Tesla Rolls Out New Full Self-Driving Beta, Sends Invites To Owners

Luxury electric vehicle maker Tesla Inc. (TSLA) is ready to test the newest beta version of its advanced but controversial autonomous driving software, Full Self-Driving (FSD). The company has sent out invites to try the FSD Bet 10.2 to eligible customers on Monday.

The new version is focusing on "autosteer on city streets," technology in which, the vehicle will be able to maneuver in the crowded streets without the driver needing to steer. But even the introduction of the new technology will not make Tesla vehicles drive without the assistance of the driver in any case.

The CEO of the company, Elon Musk tweeted, "FSD Beta 10.2 rolls out Friday midnight to ~1000 owners with perfect 100/100 safety scores. Rollouts will hold for several days after that to see how it goes. If that looks good, beta will gradually begin rolling out to 99 scores & below."

In the invitation, Tesla made it very clear that the FSD is not autonomous driving but driver-assisted driving. "Full Self-Driving is in limited early access Beta and must be used with additional caution. It may do the wrong thing and at the worst time, so you must always keep your hands on the wheel and pay extra attention to the road," said the letter.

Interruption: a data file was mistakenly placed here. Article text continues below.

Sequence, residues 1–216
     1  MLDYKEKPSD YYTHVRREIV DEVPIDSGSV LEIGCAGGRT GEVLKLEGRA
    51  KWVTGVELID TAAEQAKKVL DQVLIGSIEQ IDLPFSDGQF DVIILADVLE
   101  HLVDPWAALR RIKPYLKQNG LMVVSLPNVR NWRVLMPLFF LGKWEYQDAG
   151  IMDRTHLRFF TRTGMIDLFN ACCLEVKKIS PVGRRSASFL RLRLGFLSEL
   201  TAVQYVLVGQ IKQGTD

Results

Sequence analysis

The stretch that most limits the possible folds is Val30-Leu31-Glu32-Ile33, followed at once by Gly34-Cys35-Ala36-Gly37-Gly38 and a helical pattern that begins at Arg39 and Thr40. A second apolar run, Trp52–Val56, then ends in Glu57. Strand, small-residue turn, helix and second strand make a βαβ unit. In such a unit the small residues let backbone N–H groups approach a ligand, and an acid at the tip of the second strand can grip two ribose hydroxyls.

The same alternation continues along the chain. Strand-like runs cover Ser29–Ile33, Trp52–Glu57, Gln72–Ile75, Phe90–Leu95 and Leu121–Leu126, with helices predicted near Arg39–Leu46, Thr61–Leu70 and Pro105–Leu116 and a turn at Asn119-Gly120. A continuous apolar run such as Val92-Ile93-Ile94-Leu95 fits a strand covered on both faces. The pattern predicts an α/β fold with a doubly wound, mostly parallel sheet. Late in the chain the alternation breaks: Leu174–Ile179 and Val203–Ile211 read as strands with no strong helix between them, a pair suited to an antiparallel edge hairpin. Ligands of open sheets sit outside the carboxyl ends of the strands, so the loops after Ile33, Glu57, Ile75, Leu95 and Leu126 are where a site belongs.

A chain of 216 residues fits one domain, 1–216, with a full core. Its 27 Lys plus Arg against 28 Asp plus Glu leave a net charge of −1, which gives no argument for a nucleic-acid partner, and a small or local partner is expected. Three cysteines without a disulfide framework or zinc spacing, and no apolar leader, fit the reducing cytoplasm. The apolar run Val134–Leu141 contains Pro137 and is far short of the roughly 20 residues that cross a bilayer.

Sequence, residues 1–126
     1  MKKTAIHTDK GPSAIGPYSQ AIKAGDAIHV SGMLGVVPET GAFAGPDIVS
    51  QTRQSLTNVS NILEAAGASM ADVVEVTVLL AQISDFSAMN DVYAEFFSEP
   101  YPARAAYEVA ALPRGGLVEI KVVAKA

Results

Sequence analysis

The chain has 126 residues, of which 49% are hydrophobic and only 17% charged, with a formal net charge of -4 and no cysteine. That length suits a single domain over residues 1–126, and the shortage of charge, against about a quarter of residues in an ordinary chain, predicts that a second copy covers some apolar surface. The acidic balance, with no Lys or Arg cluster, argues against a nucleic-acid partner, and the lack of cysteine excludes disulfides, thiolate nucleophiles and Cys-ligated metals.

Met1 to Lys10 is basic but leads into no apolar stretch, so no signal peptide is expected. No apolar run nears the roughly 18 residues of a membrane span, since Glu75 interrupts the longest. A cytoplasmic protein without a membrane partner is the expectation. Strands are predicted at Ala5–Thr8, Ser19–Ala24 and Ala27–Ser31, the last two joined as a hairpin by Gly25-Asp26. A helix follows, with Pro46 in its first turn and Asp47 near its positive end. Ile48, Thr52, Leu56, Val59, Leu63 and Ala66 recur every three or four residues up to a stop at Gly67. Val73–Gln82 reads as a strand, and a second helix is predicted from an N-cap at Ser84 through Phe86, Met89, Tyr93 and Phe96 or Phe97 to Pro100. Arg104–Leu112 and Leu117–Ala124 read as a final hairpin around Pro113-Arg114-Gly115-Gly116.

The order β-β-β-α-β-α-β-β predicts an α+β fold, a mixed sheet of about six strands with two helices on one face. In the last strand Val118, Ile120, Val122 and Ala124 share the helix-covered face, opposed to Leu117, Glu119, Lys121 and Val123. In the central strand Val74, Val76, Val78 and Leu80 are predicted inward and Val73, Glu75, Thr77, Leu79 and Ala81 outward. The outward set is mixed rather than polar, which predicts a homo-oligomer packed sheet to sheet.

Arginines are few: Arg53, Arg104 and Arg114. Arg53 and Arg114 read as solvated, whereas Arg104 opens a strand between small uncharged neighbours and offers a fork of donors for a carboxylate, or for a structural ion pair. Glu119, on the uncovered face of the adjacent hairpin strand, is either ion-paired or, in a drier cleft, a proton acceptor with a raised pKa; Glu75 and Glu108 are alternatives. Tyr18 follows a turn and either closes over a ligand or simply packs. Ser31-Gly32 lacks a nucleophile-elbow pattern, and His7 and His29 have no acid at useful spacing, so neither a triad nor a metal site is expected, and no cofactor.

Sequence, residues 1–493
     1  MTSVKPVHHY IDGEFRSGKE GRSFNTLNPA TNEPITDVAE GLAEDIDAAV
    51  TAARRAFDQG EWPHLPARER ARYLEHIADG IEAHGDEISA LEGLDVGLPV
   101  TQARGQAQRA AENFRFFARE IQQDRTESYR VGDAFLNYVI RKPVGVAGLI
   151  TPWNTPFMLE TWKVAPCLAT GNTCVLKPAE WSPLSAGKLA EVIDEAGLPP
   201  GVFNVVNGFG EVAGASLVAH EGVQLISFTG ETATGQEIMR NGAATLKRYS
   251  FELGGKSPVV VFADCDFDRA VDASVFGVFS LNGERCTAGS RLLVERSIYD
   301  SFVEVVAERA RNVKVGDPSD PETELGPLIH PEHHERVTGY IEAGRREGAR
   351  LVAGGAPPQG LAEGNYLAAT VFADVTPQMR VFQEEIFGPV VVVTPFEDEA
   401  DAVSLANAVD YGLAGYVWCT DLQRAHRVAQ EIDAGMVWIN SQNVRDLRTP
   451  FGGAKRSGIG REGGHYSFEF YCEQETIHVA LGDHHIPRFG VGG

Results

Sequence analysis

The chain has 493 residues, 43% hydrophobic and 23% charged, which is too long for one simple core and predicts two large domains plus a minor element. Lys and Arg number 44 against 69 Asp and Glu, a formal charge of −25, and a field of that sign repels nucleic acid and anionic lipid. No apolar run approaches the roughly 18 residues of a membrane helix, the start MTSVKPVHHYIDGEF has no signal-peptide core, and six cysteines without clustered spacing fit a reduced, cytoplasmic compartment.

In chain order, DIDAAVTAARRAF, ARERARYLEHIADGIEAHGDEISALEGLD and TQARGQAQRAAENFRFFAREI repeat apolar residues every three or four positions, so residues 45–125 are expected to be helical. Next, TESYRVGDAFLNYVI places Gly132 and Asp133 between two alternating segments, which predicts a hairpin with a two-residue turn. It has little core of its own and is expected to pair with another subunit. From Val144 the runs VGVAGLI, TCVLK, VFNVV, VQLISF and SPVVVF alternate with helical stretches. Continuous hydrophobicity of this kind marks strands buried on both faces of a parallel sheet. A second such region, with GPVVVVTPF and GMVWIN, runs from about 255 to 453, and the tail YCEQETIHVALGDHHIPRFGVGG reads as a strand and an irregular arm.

To be eligible for the program, the drivers must have a Tesla with newer hardware and will have to subscribe to the FSD premium package. The package costs as $10,000 upfront or $199 per month. Currently, Tesla will use its insurance calculator to give each driver a "safety score" and those who have a perfect score of 100 will be allowed to join the review as of now. But as Musk promised, those who have scores of 99 or below will also be included but later.

Tesla has faced a lot of criticism for its FSD technology after it got involved in 11 crashes and one death due to the system not being able to recognize marking cones or first responder vehicles in low-light scenarios. It is currently under investigation by The National Transportation Safety Board and National Highway Traffic Safety Administration for the accidents.

After hoards of videos of FSD failing to complete simple tasks flooded the internet, Elon Musk and his company went as far as to make the buyers sign non-disclosure agreements to not share video footage related to the failure of the software.

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